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Divers Alberto Nava and Susan Bird transport the Hoyo Negro skull to an underwater turntable so that it can be photographed in order to create a 3-D model.Researchers detailed their analysis of the oldest most complete, genetically intact human skeleton discovered in the New World in a paper published today in the journal Science. This project was led by the Mexican government’s National Institute of Anthropology and History and supported by the National Geographic Society.Paul Nicklen

She was young, no more than 16, and feeling her way through a dark cave, perhaps lured by the quest for water in a land with no surface rivers or streams.

One can imagine her terror as the cave suddenly opened into a yawning chasm, with a sheer drop to a shallow pool far below. A step too far took her over the unseen edge. In pitch blackness she fell as much as 30 metres – about eight storeys. The echoes of her scream and the sound of her body as it hit bottom would have echoed off the limestone walls for a few moments. Then eons of silence.

After more than 12,000 years, the girl scientists call Naia has returned from the underworld. Her bones, long preserved in their watery tomb in Mexico's Yucatan peninsula, offer a direct link to a mysterious past. And now her DNA is helping to answer one of the most enduring questions in prehistory: Who were the first people to populate the new world?

The newly emerging answer amounts to a convergence of theories. It suggests people reached North America earlier that once thought, and that those same people are also the ancestors of living native Americans.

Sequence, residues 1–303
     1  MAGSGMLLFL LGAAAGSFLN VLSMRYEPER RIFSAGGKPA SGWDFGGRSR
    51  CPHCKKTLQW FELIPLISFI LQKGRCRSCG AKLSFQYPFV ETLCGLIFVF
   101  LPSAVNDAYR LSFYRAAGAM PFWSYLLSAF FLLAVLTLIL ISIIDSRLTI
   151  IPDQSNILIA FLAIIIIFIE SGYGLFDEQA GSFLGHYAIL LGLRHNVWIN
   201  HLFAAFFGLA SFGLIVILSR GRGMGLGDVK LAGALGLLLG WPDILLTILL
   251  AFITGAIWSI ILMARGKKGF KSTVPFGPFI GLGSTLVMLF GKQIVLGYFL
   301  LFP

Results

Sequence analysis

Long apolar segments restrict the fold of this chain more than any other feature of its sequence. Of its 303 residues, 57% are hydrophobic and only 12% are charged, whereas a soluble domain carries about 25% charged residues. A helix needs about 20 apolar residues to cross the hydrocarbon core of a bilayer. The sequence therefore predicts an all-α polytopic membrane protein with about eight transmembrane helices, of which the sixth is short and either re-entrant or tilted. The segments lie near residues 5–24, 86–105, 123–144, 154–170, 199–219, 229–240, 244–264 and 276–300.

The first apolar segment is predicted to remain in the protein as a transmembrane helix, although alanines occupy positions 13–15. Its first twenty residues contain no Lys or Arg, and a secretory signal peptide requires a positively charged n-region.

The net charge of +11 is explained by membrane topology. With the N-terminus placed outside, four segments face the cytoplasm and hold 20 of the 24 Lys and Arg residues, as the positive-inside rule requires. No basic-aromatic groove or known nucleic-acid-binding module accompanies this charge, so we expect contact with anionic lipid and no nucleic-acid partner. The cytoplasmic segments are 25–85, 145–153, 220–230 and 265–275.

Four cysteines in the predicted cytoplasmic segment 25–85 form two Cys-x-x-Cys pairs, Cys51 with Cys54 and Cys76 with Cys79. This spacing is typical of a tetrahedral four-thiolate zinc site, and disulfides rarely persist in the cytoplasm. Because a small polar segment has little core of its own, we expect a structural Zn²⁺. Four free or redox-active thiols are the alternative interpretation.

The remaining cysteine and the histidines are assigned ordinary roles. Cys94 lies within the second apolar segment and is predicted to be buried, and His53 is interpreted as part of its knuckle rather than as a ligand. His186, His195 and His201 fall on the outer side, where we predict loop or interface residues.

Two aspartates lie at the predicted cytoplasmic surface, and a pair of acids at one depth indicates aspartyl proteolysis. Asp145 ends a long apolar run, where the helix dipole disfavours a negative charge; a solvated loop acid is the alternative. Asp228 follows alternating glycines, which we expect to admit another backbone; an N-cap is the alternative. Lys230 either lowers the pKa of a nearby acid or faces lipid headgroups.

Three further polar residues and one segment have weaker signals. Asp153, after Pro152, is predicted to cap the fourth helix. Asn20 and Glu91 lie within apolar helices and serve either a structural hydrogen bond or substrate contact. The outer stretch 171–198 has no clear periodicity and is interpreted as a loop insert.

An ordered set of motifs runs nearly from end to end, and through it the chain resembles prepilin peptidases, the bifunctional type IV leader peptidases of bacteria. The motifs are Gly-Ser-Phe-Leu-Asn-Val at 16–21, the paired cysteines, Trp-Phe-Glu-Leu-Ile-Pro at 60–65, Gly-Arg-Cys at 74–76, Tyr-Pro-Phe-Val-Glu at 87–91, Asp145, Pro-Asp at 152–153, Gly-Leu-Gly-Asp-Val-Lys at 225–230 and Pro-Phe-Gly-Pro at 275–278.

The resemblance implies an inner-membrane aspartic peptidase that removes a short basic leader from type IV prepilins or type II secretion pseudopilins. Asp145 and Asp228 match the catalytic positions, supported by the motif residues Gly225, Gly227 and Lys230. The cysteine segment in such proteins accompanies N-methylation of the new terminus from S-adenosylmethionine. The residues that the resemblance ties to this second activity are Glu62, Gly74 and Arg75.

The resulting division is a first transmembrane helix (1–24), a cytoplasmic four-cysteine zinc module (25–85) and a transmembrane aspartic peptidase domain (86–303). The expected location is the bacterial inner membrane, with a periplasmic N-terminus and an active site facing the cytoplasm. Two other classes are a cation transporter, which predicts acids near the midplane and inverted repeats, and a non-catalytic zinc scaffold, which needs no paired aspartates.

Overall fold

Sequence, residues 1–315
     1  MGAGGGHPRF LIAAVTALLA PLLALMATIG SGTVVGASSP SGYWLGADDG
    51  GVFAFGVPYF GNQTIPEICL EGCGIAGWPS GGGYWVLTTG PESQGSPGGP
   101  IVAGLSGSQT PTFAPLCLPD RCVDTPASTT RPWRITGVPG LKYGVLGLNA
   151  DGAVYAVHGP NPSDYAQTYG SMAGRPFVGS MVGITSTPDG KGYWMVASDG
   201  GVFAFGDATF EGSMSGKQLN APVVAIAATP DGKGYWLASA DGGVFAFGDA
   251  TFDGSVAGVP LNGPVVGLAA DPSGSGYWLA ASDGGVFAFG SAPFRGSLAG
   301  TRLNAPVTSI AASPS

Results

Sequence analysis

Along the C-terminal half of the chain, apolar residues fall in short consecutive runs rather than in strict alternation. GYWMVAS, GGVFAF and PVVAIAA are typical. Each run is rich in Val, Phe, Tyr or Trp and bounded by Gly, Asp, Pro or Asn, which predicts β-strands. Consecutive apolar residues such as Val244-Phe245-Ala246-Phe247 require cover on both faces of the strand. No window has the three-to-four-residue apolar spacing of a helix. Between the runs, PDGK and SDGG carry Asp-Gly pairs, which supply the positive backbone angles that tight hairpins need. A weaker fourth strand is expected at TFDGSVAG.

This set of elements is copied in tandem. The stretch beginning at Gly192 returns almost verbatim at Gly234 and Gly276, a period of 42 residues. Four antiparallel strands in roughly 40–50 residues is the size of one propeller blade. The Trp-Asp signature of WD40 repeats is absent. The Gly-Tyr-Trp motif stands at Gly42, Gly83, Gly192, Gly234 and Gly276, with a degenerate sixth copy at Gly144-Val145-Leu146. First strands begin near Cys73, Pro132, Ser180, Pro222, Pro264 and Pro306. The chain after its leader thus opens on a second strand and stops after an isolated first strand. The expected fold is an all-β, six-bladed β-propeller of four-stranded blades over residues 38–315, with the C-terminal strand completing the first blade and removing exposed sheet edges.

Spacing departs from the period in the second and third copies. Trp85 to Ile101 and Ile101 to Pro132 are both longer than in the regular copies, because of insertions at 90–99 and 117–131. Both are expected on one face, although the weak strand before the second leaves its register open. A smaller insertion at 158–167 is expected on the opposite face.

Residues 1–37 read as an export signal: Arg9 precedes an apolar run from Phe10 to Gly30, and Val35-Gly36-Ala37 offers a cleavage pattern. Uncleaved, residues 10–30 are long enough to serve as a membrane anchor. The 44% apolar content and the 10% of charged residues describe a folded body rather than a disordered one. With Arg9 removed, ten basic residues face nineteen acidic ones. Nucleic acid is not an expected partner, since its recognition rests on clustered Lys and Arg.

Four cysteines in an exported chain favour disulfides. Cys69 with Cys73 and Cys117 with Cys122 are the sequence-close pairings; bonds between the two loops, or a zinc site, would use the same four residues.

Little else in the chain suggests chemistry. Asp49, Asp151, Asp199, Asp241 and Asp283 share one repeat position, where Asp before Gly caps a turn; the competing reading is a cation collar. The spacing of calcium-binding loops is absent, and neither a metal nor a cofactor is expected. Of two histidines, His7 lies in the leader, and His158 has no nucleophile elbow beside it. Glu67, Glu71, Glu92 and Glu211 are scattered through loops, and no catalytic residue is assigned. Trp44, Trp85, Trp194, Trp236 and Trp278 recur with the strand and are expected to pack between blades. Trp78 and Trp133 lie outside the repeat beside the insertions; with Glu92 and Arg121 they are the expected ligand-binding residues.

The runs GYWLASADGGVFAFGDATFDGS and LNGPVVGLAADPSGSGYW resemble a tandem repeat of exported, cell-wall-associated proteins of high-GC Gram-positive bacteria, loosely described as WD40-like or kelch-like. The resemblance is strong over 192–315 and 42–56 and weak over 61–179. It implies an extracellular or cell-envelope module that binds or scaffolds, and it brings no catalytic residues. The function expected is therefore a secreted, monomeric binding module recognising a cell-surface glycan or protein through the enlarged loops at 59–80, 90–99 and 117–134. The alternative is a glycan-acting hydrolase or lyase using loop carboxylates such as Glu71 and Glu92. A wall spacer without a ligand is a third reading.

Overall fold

"This is a bonanza find," said Eduard Reinhardt, a micropaleontologist at McMaster University in Hamilton, Ontario. "The quality of the data that we're getting is exceptional."

An experienced diver, Dr. Reinhardt is one of the scientists directly involved in examining the site where the Naia skeleton was first discovered in 2007. After many millennia, the change in sea level since the end of the last ice age has put the floor of the vast chamber under 40 metres of water. Researchers in scuba gear must swim through the passage where Naia took her final steps, and glide over the precipice where she plunged to her death into what has been named Hoyo Negro, or "black hole".

"The bottom drops out as you get into that big cavern," Dr. Reinhardt said. "It's like a cathedral. Your light just dances off the walls."

The scientific payoff has been equally impressive.

Naia's skull is intact and well preserved, which reveals what she looked like when she was alive. At the same time she has yielded her mitochondrial DNA – a form of DNA that is inherited only along the maternal line – which scientists successfully extracted from one of her teeth.

Together, these two pieces of information speak to a debate over the true identity of "paleo-Americans", the oldest people discovered in the western hemisphere.

Naia's DNA contains the D1 haplogroup, a genetic feature that is widespread in native populations across North and South America. This indicates she is descended from the same Siberian-based population that is thought to have given rise to all existing groups of indigenous people in the new world today.

"This girl was maternally related to living Native Americans," said Deborah Bolnick an anthropologist at the University of Texas at Austin and one of the researchers involved in a detailed analysis of the Naia find, published Thursday in the journal Science.